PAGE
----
The information age has created a host of digitized products — in the realms of software, databases, music, videos and electronic books — that can be produced and distributed with low variable costs, resulting in high gross margins. The key to profitability for creators of these products is to generate enough unit sales to offset their high development costs. But the ability to produce and distribute these products quickly and cheaply is not limited to the original content creator, and the potential for piracy, defined as duplication and distribution of a product without the permission of or payment to the content owner, is extremely high. One of the greatest challenges to digital business is figuring out how to maintain a profitable model in the face of widespread unauthorized competition.
Up to now, efforts to control piracy have relied on the assumption that creators of digital products have absolute ownership rights to the digital content they create. For example, on the basis of that assumption, recording companies and their artists have pursued an aggressive, allegedly successful legal challenge against the file-sharing sites MP3.com and Napster. Under the same assumption, several software firms have sought to limit piracy with contractual as well as technological safeguards such as click-wrap contracts, encryption, password-limited access to distribution sites and copy proofing.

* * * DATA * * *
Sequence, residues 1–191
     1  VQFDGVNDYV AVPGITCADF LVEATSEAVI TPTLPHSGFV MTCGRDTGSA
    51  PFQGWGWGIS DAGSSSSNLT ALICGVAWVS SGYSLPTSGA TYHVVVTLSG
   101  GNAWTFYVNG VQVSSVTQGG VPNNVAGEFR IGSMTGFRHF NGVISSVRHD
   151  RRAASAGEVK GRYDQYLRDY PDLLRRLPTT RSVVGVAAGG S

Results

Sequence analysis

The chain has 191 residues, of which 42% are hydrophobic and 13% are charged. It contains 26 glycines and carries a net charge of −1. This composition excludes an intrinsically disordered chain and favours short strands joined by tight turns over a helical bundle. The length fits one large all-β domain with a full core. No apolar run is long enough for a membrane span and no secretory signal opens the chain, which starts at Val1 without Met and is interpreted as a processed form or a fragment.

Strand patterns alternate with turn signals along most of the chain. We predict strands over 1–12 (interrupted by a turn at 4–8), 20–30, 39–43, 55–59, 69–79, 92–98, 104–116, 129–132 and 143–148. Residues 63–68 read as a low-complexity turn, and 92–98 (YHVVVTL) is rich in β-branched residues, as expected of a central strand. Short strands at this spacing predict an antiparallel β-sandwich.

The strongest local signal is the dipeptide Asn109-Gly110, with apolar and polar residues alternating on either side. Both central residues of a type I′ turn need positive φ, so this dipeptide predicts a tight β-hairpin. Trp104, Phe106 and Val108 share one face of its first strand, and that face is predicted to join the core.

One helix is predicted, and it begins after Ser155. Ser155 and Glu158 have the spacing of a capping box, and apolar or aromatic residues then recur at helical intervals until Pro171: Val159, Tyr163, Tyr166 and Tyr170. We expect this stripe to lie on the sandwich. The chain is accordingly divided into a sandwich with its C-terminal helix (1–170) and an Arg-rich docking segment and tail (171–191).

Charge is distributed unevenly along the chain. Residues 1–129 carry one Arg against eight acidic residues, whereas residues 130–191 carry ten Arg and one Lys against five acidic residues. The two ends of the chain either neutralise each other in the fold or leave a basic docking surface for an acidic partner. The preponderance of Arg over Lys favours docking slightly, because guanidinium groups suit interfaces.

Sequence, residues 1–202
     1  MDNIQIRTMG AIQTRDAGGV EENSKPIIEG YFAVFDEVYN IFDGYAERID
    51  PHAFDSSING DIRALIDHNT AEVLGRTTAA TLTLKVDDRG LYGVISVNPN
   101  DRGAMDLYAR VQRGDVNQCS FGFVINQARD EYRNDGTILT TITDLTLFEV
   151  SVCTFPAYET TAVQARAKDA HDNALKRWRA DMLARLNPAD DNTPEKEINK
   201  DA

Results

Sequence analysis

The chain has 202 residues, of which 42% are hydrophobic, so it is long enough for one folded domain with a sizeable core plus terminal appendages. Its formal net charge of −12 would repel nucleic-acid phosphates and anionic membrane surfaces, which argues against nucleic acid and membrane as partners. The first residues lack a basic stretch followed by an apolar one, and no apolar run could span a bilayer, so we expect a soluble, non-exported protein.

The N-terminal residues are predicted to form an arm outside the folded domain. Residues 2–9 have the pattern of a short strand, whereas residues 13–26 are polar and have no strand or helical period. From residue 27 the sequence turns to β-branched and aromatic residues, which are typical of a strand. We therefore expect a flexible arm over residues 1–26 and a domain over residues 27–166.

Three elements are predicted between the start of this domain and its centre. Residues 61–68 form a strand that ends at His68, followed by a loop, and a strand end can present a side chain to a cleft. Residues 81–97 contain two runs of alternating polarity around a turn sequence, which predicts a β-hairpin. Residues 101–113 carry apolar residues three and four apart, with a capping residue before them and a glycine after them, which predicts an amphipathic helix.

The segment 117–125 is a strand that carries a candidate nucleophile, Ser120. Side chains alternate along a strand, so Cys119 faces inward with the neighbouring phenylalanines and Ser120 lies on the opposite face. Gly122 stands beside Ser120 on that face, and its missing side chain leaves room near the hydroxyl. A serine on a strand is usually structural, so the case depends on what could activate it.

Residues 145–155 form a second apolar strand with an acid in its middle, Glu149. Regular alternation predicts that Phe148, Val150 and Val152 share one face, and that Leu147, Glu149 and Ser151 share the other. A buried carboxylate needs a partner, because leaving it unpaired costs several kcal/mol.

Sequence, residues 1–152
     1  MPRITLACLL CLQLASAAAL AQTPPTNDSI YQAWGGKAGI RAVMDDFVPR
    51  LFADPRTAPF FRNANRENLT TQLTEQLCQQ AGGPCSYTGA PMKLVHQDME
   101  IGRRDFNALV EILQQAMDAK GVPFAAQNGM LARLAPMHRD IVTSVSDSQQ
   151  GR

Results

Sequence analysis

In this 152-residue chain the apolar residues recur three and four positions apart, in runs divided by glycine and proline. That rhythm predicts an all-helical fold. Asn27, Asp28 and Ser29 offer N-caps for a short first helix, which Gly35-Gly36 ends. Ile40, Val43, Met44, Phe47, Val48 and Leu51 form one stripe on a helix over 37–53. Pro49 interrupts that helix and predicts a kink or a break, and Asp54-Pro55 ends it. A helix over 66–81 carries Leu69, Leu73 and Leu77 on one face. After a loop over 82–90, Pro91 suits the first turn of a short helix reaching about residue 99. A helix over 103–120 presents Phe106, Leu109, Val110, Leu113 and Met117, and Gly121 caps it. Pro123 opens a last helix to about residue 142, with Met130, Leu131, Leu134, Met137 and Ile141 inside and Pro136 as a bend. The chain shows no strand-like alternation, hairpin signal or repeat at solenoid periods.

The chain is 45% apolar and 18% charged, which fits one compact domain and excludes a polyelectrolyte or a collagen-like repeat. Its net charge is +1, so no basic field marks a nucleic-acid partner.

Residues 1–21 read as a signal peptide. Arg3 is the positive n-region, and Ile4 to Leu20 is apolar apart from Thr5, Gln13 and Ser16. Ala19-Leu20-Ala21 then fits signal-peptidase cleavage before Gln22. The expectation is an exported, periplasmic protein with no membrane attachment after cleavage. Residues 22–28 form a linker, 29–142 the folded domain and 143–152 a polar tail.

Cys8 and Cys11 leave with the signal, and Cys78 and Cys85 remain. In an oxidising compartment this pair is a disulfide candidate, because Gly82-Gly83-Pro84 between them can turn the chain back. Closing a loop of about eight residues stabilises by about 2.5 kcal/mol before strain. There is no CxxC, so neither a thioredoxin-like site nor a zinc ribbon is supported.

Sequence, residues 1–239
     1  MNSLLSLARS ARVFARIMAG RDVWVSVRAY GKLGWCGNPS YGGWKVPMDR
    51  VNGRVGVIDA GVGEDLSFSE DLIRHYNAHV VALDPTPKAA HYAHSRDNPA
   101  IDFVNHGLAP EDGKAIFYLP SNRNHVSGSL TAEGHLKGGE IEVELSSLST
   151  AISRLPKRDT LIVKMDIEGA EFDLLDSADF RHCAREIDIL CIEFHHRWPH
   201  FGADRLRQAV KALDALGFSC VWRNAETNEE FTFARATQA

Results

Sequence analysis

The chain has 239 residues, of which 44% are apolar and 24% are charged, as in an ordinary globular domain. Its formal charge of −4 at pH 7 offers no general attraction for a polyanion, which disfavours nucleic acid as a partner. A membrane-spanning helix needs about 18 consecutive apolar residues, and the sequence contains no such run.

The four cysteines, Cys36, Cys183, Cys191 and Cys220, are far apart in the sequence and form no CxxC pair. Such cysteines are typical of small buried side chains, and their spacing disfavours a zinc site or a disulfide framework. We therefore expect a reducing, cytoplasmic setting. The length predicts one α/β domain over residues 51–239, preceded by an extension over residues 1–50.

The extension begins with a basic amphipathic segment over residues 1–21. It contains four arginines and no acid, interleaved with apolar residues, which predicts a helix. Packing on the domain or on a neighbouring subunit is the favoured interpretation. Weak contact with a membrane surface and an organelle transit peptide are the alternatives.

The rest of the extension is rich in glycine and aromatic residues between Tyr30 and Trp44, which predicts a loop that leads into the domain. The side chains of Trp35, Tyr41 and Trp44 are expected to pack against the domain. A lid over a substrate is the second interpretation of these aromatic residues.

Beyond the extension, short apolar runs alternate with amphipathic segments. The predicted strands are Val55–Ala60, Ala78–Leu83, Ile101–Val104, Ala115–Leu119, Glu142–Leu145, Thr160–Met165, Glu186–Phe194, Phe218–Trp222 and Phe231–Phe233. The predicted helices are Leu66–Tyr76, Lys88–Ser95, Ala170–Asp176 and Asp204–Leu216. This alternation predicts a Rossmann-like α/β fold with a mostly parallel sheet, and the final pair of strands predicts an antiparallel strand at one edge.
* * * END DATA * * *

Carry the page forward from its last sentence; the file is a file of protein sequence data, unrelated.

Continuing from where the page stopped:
However, because the belief in absolute ownership of digital content is incorrect from a legal standpoint, antipiracy tactics that rely upon it will ultimately prove ineffective. What’s more, these tactics can risk the profitability of the business model by actually reducing authorized usage by paying customers. A far better solution is to recognize the dynamics of the marketplace, segment that market into innovators (potential pirates) and the mainstream (potential paying customers), and address each segment differently to gather information and establish market leadership.
The Case Against Absolute Ownership
A single-minded emphasis on enforcing absolute ownership rights not only raises serious practical impediments to effective enforcement, but also the very assertion of those rights rests on a misunderstanding of the objectives of copyright law.
Even in 1789 the nation’s founders recognized intellectual products such as writings or inventions as “public goods,” products that take considerable time and resources to create, but can subsequently be cheaply and quickly appropriated in an unfettered free market. Consequently, the framers added the “intellectual property clause” to the U.S. Constitution, expressly authorizing the U.S.